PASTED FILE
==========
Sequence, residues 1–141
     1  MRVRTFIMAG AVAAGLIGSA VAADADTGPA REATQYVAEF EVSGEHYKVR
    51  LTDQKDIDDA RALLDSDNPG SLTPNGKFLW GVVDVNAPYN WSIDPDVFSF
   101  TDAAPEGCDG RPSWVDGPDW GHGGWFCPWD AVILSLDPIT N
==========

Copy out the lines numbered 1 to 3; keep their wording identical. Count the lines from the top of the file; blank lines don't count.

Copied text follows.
Sequence, residues 1–141
     1  MRVRTFIMAG AVAAGLIGSA VAADADTGPA REATQYVAEF EVSGEHYKVR
    51  LTDQKDIDDA RALLDSDNPG SLTPNGKFLW GVVDVNAPYN WSIDPDVFSF